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B.ARCH V SEM
A science dealing with the production, effects and transmission of
sound waves; the transmission of sound waves through various
mediums, including reflection, refraction, diffraction, absorption and
When designing or redesigning an acoustic space, the following basic
requirements should be considered:
- Acoustic Isolation
- Frequency Balance
- Acoustic Separation
- Cost Factors
PRIMARY FACTORS GOVERNING STUDIO
Important and relevant aspects of acoustics as:
Symmetry in control
The primary goal is to reduce leakage (increase the transmission loss) through
a wall as much as possible over the audible frequency range. This is
generally done by :
• Building a wall structure that is as massive as is practically possible.
• Eliminating open joints that can easily transmit sound.
• the inner and outer wallboards should not be directly attached to the same
wall studs. The best way to avoid this is to alternately stagger the studs
along the floor and ceiling frame, so that the front/back facing walls aren’ t
in physical contact with each other .
• Increase transmission loss by mounting the additional layers with adhesive
caulking rather than using screws or nails.
• To reduce leakage that might make it through the cracks, apply a bead
of nonhardening caulk sealant to the inner gypsum wallboard layer at
the wall-to-floor, wall-to-ceiling and corner junctions.
Typical wall construction materials include:
CONCRETE: Solid And Expensive
HOLLOW BRICKS: often easier than Concrete
GYPSUM PLASTERBOARDS : multiple layers of plasterboard onto a
double-walled stud frame is often the most cost- and design-effi cient
approach to reducing resonances and maximizing transmission loss. It ’
s often a good idea to reduce these resonances by filling the wall cavities
with rock-wool or fiberglass.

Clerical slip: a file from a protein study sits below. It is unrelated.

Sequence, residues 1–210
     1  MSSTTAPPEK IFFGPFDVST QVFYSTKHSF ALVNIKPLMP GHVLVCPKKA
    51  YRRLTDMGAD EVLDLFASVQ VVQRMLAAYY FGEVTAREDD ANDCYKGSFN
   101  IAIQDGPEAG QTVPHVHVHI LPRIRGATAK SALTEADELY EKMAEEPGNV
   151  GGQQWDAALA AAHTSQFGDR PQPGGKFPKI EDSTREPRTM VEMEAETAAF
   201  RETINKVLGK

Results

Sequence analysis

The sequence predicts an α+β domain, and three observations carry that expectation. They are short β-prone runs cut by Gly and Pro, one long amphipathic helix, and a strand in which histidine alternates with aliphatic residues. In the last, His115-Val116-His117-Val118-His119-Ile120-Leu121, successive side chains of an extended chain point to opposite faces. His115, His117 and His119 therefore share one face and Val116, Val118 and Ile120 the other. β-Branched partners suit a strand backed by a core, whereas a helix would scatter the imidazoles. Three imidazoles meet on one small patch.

“ Floating ” floor that is structurally decoupled from its subfloor
Uses either neoprene “ hockey puck ” isolation mounts, U-Boat floor
floaters or a continuous underlay, such as a rubberized floor mat.
The underlay is spread over the existing floor foundation and then
covered with an overlaid plywood floor structure.
In more extreme situations, this superstructure could be covered with
reinforcing wire mesh and finally topped with a 4-inch layer of concrete
In either case, the isolated floor is then ready for carpeting, wood
finishing, painting or any other desired surface.
Failing to isolate these allows floor-borne sounds to be transmitted
through the walls to the subfloor — and vice versa
gaps can be sealed with pliable decoupling materials such as widths of
soft mineral fiberboard, neoprene, silicone or other pliable materials.
Reduce this noise by simply carpeting the overhead hallway or by
floating the upper floor.
hang a false structure from the existing ceiling or from the overhead
joists This technique can be fairly cost effective when “ Z ” suspension
channels are used.
Z channels are often screwed to the ceiling joists to provide a flexible,
yet strong support to which a hanging wallboard ceiling can be
If necessary, fiberglass or other sound-deadening materials can be
placed into the cavities between the overhead structures.
Other more expensive methods use spring support systems to hang
false ceilings from an existing structure.
WINDOWS AND DOORS
Visibility in a studio is extremely important to communicate.
Designs vary with studio needs and budget.
Can range from being deep, double-plate cavities that are built into
double-wall constructions to more modest prefab designs that are built
into a single wall.
Access doors to and from the studio, control room, and exterior areas
should be constructed of solid wood or high-quality acoustical
The appropriate seals, weather-stripping, and doorjambs should be
used throughout so as to reduce leakage through the cracks.
acoustical sound lock .This construction technique dramatically
reduces leakage because the air trapped between the two solid barriers
ISO ROOMS AND ISO BOOTHS
Isolation rooms are acoustically isolated or sealed areas that are built
into a music studio or just off of a control room. These recording areas
can be used to separate louder instruments from softer ones (and vice
versa in order to reduce leakage and to separate instrument types by
volume to maintain control over the overall ensemble balance.
To eliminate leakage when recording scratch vocals
Designed as totally separate areas that can be accessed from the main
studio or control room, or they might be directly tied to the main studio
by way of sliding walls or glass sliding doors.
Isolation booths provide the same type of isolation as an iso-room, but
are often much smaller
Movable acoustic partitions (also known as flats or gobos) are
commonly used in studios to provide on-the-spot barriers to sound
By partitioning a musician and/or instrument on one or more sides and
then placing the mic inside the temporary enclosure, isolation can be
greatly improved in a flexible way that can be easily changed as new
based around wood frames, fibreglass or other acoustically absorptive
materials with your favourite coloured fabric coverings.